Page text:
Athletes to bring US food to China

March 10, 2008

by Roz Kohls

US Olympians are so worried about the food in China that they are bringing their own. And they have good reason to be worried.

According to Ben Shpigel of the Human Rights Torch Relay news site Feb. 9, a caterer working for the US Olympic Committee, found a 14-inch-long, half chicken breast in a Chinese supermarket. It was enough to feed a family of eight, said caterer Frank Puleo of Staten Island, who has traveled to China to handle food-related issues.

“We had it tested, and it was so full of steroids that we never could have given it to athletes. They all would have tested positive,” Puleo said.

More than 600 athletes will be going from the US to the summer games in Beijing this year. They are not just worried about steroids either.

“In recent years, some foods in China have been found to be tainted with insecticides and illegal veterinary drugs, and the standards applied to meat there are lower than those in the United States,” Shpigel said.

A restaurant in China was found to be using industrial sodium nitrate, instead of regular salt. It killed several customers and sent dozens to the hospital, according to the Xinhua News Agency Feb. 25.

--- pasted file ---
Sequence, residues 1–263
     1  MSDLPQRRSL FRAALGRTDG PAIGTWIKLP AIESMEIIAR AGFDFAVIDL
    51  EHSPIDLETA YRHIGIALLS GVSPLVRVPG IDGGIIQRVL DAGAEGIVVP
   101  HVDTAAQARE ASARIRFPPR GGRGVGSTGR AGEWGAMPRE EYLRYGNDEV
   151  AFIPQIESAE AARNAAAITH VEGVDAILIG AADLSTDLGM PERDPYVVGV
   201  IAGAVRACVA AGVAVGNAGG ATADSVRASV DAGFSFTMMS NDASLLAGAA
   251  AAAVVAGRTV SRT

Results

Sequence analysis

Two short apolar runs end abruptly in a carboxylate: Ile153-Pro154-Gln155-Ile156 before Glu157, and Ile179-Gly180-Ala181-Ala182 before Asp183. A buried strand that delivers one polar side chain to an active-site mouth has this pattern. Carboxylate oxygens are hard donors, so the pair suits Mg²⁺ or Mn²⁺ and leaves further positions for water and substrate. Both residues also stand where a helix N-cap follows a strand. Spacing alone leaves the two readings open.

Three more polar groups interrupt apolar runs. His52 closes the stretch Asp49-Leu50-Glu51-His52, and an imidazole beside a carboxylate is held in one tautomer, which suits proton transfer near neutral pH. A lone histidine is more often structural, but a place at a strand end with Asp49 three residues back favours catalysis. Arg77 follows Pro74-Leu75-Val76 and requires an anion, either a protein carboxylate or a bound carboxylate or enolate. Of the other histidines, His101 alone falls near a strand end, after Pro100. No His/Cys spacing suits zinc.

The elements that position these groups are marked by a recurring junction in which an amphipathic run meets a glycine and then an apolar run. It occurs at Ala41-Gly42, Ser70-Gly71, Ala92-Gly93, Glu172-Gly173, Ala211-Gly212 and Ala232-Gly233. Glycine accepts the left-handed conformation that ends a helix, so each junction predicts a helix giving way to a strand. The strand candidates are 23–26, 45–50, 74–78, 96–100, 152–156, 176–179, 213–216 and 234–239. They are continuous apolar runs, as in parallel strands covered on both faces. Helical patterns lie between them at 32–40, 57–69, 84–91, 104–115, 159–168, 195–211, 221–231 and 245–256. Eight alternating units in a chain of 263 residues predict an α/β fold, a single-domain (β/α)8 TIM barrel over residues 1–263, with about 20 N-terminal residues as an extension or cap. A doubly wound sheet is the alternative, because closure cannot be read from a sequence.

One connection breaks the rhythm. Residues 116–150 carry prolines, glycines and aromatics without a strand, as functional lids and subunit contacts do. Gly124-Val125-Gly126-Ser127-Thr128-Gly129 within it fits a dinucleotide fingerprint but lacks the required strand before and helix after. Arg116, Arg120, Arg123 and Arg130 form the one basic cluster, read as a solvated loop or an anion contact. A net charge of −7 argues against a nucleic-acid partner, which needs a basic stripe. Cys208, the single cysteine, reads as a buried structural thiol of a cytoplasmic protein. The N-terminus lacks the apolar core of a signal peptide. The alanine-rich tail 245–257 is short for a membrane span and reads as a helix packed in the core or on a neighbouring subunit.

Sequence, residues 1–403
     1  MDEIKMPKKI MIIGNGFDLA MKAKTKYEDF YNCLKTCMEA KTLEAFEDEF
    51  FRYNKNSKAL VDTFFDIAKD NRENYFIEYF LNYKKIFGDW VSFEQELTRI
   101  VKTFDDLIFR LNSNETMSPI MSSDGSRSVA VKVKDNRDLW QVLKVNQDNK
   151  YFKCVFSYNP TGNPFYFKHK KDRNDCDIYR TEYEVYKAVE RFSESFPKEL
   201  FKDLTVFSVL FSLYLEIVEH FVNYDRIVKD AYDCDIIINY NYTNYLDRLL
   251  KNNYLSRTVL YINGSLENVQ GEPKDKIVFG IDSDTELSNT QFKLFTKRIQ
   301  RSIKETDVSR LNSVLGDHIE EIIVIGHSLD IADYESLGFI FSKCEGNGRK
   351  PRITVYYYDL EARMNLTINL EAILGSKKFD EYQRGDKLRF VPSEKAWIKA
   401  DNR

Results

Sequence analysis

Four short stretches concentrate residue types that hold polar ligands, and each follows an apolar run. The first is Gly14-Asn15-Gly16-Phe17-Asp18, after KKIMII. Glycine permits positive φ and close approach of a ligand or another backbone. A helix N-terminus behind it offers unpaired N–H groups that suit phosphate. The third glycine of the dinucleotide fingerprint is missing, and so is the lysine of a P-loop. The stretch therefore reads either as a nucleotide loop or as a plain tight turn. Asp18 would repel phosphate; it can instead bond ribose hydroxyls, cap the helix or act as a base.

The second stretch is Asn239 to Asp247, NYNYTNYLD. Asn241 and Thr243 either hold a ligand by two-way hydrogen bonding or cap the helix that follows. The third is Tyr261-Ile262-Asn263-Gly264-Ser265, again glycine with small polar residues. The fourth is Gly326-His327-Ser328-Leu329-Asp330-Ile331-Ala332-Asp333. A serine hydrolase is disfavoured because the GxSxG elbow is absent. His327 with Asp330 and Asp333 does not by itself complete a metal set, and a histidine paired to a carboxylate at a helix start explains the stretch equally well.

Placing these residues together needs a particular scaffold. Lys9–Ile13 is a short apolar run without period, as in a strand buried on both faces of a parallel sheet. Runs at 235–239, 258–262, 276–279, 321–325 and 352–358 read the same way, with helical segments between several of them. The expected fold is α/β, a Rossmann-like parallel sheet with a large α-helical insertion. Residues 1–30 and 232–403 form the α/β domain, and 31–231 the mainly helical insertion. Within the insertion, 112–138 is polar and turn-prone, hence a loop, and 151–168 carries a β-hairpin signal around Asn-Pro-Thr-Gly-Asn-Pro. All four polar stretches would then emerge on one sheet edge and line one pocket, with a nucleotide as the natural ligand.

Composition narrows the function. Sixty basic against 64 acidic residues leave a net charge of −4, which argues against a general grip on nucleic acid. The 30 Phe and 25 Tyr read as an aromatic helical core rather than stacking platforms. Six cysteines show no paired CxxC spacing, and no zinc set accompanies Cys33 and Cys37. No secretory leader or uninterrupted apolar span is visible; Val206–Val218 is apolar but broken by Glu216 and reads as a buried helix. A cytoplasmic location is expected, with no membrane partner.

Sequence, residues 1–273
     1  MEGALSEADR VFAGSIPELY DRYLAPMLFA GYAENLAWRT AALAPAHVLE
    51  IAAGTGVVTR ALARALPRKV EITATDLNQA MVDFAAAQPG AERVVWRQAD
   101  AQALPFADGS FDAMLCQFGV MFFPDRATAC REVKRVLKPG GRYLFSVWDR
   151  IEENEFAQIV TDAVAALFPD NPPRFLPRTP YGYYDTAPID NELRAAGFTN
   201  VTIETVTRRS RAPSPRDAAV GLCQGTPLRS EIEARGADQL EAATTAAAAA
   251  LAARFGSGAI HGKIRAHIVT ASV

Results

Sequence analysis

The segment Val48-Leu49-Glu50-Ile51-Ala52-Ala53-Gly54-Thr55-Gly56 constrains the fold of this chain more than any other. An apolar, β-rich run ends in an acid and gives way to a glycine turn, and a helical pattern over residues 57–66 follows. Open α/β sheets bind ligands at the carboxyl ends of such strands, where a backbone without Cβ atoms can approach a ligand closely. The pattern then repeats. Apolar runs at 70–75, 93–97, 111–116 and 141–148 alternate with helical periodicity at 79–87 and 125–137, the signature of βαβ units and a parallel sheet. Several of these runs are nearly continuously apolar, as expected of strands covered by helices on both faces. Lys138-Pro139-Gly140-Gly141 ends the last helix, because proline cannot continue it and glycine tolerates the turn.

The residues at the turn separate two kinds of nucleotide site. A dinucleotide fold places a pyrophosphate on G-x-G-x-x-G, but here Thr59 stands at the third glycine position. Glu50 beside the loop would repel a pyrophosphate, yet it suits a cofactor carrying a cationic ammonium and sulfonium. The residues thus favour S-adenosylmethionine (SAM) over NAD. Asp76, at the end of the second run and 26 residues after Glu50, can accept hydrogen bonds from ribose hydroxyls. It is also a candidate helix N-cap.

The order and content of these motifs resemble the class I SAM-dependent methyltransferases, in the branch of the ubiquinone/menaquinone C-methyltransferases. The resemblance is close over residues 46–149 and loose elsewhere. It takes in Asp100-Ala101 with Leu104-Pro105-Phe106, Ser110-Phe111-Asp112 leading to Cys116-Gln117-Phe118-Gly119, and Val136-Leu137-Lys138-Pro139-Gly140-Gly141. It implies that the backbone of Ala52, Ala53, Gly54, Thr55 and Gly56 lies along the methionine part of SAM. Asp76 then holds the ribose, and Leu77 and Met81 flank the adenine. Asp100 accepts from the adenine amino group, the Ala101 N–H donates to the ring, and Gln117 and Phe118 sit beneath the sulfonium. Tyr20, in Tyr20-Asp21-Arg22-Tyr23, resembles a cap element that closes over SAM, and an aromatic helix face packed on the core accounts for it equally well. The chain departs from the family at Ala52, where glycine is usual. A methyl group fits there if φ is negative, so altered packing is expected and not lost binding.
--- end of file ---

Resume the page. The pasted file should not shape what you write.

Rivers used to water crops in China are so polluted, toxic materials are bound to get into the food.

The Japanese athletes are even more afraid of eating Chinese food than the US athletes. Some Japanese believe the pesticide-laced dumplings shipped to Japan from China, according to the Guardian UK, were purposely poisoned at the end of January. The packaging was printed in Japanese, so the factory workers knew where the dumplings were going, the Japanese victims said.

As a result, the US Olympic Committee will ship 25,000 pounds of lean protein from US sponsors to China. The food will be prepared at the US athletes’ own facility 20 minutes from the Olympic Green. “The security is so tight, that there is pre-screening (of the food) before it even gets to me,” said Terri Moreman, the committee’s associate director of food and nutrition services.

Of course, the Chinese are outraged that the US Olympians are bringing their own food. Whoever caters the food at the Olympics makes big money. There is a rumor in Japan that the Chinese intend to have customs confiscate all the food at the border.

If this is true, and the athletes are forced to eat local Chinese fare, we should question whether we really want to put our people at risk for this event.